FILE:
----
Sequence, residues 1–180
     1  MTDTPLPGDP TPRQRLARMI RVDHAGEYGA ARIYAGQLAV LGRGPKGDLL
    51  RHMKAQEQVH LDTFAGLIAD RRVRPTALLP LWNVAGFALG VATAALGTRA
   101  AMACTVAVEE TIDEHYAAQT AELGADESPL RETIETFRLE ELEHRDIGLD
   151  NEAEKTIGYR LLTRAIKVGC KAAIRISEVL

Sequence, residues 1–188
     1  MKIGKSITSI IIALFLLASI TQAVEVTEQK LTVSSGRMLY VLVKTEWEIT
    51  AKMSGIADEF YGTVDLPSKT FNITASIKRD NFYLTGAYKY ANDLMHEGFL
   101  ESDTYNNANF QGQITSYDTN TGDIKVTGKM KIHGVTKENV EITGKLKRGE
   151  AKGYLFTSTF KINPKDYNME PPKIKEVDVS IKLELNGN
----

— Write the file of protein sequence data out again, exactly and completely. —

Sequence, residues 1–180
     1  MTDTPLPGDP TPRQRLARMI RVDHAGEYGA ARIYAGQLAV LGRGPKGDLL
    51  RHMKAQEQVH LDTFAGLIAD RRVRPTALLP LWNVAGFALG VATAALGTRA
   101  AMACTVAVEE TIDEHYAAQT AELGADESPL RETIETFRLE ELEHRDIGLD
   151  NEAEKTIGYR LLTRAIKVGC KAAIRISEVL

Sequence, residues 1–188
     1  MKIGKSITSI IIALFLLASI TQAVEVTEQK LTVSSGRMLY VLVKTEWEIT
    51  AKMSGIADEF YGTVDLPSKT FNITASIKRD NFYLTGAYKY ANDLMHEGFL
   101  ESDTYNNANF QGQITSYDTN TGDIKVTGKM KIHGVTKENV EITGKLKRGE
   151  AKGYLFTSTF KINPKDYNME PPKIKEVDVS IKLELNGN